URBANA, Ill. (WCIA) – In a nearly five hour meeting Tuesday, Urbana School Board members voted to: remove the high school’s principal next year, re-assign two other high school administrators and fix the middle school’s gym floor after a pipe burst. The most heated part of the meeting, however, was the debate over a plan to close Wiley Elementary while the building is renovated.

“This is a horrific decision. I’m very much torn,” President Paul Poulosky said during the meeting.

But in the end, Poulosky was one of the board members to approve closing Wiley for the 2023-24 school year.

A district survey of Wiley staff and families asked how important it is to keep students together while the building is closed. Half the staff members who responded selected “very important.” Another 38.9% chose “somewhat important.”

Only 23% of families completed the survey. 47.5% feel it is “very important” to stick together, while 37.5% say it is “somewhat important.”

The majority who took the survey support removing asbestos but they want assurances they’ll return.

“It’s scary,” board member Anne Hall said, addressing Wiley families. “I share your fear.”

The crowd quickly responded with: “you don’t.”

A clear divide between families and the Urbana School Board, even among members themselves.

“I will vote against this because I think the plan is ridiculous,” board member Ravi Hasanadka said.

The plan is to close Wiley next school year before deciding whether it will re-open as a neighborhood school.

“To me, it remains extremely irresponsible to not know what we are going to do,” board member Brian Ogolsky said.

That was the biggest point of contention during two hours of public comment.

“We are counting on you to keep our Wiley Strong community intact and maintaining a stable learning environment for the sake of our students,” parent Brittany Tammen said during public comment.

Families asked the board to wait and bring a comprehensive plan back to the table in a year. Members debated the urgency of the issue.

“The idea that it’s a health crisis in that building – I just walked through there. I think it’s insulting to the teachers that are in that building to say that,” Ogolsky said, met with clapping from the crowd.

Over the past two weeks, a big concern has been disruption.

“Mental health is part of health and safety,” board member Lara Orr said.

Board members voted 4-3 to move forward.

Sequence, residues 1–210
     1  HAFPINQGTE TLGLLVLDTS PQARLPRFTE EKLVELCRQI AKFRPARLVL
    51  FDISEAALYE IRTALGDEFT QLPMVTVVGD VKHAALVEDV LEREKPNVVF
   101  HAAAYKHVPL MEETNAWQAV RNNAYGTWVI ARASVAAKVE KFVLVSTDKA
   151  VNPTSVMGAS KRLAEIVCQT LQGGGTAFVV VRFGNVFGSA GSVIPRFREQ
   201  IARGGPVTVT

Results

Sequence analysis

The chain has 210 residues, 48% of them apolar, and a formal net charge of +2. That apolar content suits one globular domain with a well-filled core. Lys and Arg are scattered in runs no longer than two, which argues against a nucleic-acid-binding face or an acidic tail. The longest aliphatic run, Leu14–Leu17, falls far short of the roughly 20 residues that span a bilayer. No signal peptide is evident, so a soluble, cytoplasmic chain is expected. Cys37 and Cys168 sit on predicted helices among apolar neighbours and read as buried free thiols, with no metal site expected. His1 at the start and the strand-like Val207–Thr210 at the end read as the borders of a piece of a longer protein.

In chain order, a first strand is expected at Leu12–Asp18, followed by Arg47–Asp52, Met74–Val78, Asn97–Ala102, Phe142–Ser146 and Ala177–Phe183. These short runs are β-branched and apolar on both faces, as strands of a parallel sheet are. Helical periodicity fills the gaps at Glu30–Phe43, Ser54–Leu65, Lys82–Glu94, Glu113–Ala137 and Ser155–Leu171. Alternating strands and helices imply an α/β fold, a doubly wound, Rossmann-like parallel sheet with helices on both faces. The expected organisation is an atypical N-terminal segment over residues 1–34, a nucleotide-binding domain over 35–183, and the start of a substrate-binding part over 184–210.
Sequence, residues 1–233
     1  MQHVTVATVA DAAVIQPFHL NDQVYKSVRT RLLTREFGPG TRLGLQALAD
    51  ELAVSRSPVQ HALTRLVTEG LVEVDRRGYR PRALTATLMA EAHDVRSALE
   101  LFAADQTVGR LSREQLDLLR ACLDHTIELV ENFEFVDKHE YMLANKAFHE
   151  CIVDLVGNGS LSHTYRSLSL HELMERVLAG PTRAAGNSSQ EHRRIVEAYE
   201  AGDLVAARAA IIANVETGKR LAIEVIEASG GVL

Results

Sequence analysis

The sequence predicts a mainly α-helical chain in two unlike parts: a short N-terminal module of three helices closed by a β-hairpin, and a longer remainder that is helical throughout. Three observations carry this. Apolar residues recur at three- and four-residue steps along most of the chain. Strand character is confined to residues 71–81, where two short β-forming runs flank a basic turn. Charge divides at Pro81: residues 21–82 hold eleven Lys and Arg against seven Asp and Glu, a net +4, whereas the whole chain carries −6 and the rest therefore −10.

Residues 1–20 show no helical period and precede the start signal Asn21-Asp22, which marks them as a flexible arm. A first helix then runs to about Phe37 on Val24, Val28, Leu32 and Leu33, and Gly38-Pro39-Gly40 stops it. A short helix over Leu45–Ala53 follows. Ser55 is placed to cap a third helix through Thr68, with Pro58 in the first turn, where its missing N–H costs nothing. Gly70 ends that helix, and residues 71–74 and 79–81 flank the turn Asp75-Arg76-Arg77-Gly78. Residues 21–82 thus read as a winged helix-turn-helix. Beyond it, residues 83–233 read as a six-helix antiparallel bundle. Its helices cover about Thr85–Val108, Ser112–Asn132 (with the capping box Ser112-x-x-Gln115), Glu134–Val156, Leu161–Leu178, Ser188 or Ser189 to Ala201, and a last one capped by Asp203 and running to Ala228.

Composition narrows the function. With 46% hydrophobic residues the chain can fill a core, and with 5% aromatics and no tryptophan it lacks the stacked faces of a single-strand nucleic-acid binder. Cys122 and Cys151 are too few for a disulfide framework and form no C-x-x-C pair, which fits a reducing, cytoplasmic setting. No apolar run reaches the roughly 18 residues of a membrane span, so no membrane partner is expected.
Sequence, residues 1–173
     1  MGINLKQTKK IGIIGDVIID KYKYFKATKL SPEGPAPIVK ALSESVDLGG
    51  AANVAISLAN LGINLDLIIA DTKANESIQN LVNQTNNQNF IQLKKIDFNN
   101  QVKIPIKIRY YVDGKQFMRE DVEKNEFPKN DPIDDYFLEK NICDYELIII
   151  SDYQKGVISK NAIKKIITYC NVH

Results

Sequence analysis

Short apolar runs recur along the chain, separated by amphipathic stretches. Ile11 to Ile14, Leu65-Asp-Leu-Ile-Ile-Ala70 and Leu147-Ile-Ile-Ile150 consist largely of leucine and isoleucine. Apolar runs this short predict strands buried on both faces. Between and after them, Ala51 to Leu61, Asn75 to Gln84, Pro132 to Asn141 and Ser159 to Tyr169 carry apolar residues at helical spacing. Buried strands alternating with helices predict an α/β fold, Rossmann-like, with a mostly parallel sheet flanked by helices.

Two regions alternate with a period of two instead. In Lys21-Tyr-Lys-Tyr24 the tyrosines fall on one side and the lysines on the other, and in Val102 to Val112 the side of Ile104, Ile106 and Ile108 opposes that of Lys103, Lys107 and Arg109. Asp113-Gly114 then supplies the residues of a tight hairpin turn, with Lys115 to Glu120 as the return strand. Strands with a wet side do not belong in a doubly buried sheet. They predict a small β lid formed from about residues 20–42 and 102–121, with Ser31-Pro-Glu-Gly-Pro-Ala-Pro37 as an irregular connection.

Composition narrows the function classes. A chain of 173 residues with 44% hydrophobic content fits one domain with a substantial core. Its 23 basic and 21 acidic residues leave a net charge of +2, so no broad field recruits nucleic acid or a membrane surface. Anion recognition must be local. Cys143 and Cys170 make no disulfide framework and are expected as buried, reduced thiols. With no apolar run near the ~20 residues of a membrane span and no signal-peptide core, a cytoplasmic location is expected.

“We’re not making permanent plans tonight. We’re voting on asbestos, which is a health issue,” Hall said.

At one point, the crowd dressed in Wiley colors turned their backs to the board.

“The faith in our administration has just floored out. We are gone,” parent Rob Bennett said.

Some walked out of the meeting in tears. Others walked out frustrated with their elected leaders.

“History and research teaches us that when you have a large population of students of color in a school, that school boards tend to ignore their voices, even when they organize and come together,” parent Ruqayyah Perkins-Williams said.

But they say they’re prepared to keep fighting for the future of Wiley. The district says a planning committee will be formed to decide the building’s fate.

“I hope that the board members are ready for a bigger fight than this,” parent Nathan Tanner said.

There’s also an asbestos issue in the middle school gym. Board members approved a bid to get rid of it, and crews have already gotten to work. On top of that, board members approved an emergency contract to replace that floor entirely because it was damaged by a burst pipe during a deep freeze in December.

The board also decided Urbana High School Principal Taren Nance will not return next year, and two assistant principals will be re-assigned. Wednesday, Nance told WCIA once everything is settled, he will tell his story. Nance says he is continuing his mission of ending gun violence.

A couple people spoke in support of Nance during public comment, praising his leadership and commitment to anti-violence.

“By getting rid of Fresh Principal Nance, I don’t think we’ve given him enough time. I think he’s developed a heck of relationships. He actually amended a relationship I had with Urbana High School,” one speaker said during public comment.

“He’s always around the hall. He keeps us safe,” a current student said.

WCIA reached out to district leaders Wednesday. They say they can’t comment further on personnel matters, but confirmed a nationwide search for a new principal will start soon. The communications director says there will be an opportunity for UHS stakeholders to participate in that process.